The law that established FEHBP more than 50 years ago prohibited plans from excluding coverage of pre-existing conditions on any enrollee, regardless of age. Beginning in 2014, the Affordable Care Act will bar such exclusions under all plans for any enrollee under age 19.
Since 2011, large group plans, including those in FEHBP, have been required to provide rebates if the ratio of the amount of revenue expended on clinical claims and health quality costs is less than 85 percent, after adjustment for taxes and regulatory fees. Any rebates will be deposited in the FEHBP program’s reserve and used to reduce the cost of that plan’s premiums the following year.
If you are enrolled in a flexible spending account (FSA) or health savings account (HSA), you may have already felt the effects of the Affordable Care Act’s restrictions. Since 2011, the law hasn’t allowed over-the-counter medicines to be covered unless they are prescribed by a physician. The only exception to that rule is insulin. However, other eligible items that aren’t medicine or drugs, such as bandages, won’t require a prescription.
FSAs and HSAs may be used to pay for the qualified expenses of any children who are under 26 and covered by your self-and-family plan, regardless of their financial dependence on you. But beginning this year, the law lowered the maximum annual contributions you can make to these accounts from $5,000 to $2,500. From now on, the contributions threshold will be indexed to inflation.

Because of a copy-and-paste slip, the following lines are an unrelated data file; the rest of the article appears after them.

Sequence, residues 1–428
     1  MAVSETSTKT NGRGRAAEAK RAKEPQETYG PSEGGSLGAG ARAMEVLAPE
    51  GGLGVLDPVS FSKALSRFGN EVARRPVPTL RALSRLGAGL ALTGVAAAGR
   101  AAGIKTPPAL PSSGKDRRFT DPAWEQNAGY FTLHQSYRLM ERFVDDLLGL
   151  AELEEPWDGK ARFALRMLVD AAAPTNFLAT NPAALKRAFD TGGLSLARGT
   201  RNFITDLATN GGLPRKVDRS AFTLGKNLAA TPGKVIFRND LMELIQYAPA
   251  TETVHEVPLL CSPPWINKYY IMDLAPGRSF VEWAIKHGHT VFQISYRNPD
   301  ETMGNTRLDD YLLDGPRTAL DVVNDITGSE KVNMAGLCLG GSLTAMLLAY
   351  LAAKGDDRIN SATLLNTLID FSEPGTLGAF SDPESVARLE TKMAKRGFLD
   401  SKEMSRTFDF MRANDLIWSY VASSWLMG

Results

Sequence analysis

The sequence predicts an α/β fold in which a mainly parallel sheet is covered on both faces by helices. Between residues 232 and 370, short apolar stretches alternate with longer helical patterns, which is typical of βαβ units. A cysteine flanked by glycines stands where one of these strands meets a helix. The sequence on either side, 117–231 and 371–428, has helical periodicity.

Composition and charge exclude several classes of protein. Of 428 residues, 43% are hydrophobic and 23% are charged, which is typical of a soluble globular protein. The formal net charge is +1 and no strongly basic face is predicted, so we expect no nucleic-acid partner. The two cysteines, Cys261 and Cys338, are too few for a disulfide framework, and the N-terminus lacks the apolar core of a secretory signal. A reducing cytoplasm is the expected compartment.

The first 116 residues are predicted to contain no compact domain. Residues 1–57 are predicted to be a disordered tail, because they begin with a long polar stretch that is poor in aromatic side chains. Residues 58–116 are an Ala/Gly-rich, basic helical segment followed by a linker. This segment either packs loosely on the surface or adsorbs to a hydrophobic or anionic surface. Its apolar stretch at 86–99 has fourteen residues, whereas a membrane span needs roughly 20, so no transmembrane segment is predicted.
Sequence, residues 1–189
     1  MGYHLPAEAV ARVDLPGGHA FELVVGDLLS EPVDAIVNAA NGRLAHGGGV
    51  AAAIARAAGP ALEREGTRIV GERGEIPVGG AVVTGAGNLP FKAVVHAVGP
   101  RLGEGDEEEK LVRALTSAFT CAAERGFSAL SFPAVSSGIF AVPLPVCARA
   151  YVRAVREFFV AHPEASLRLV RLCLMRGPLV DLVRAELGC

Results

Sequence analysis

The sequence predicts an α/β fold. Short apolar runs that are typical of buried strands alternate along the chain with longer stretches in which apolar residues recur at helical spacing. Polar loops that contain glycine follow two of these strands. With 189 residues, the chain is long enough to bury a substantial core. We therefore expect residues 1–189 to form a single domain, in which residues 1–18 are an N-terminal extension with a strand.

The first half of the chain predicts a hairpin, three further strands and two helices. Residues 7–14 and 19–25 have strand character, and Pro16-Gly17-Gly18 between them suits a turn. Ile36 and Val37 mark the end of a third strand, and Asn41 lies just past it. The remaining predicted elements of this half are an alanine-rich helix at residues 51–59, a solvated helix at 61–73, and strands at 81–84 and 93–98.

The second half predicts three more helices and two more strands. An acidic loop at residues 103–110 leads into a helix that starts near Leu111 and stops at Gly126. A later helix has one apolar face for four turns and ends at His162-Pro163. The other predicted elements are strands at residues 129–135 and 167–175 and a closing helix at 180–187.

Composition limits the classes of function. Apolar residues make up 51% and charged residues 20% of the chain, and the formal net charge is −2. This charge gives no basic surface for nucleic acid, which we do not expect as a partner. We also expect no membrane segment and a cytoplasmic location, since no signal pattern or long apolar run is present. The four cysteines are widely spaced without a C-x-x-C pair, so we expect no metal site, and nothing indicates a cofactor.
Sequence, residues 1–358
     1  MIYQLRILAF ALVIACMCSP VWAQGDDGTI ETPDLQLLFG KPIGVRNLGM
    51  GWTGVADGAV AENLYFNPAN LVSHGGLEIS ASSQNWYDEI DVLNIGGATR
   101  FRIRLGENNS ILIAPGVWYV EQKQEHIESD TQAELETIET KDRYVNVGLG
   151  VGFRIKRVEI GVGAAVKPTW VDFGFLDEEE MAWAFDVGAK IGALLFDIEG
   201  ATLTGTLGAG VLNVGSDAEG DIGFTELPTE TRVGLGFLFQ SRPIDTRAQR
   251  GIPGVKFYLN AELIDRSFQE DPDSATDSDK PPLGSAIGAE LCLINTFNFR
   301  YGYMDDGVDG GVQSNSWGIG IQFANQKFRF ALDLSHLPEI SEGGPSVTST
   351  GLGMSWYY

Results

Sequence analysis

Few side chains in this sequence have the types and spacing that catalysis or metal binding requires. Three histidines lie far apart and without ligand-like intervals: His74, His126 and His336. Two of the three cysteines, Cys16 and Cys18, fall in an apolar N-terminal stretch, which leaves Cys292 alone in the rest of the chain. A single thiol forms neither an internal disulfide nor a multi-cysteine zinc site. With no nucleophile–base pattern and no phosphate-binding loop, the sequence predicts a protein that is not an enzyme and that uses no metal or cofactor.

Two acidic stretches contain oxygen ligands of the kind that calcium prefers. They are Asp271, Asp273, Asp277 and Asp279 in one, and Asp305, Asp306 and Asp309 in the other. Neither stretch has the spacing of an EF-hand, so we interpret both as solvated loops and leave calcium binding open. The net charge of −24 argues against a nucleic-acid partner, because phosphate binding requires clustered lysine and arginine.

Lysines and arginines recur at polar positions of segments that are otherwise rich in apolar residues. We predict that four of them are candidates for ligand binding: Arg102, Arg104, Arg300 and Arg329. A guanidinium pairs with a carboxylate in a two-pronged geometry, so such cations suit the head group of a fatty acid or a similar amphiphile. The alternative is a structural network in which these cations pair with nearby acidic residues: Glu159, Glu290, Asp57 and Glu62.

Q. I was on Blue Cross/Blue Shield for 15 years through my husband’s employment with a city, but the city contracted with Coventry Health Care instead, about one year and two months ago. I have also been with Tricare (formerly CHAMPUS) through my husband’s retirement from the Navy in 1993. We are divorcing after 37 years of marriage, and I would like to switch to BC/BS in FEHB through my federal employment. If I retire before I have vested five years in BC/BS, will I not be able to take it into retirement? Someone told me that if I had been with TRICARE all these years, that somehow I was already considered vested in a federal health care insurance and could switch over to BC/BS and take the health insurance into my retirement. Is that true? Or do I need to actually work for five more years?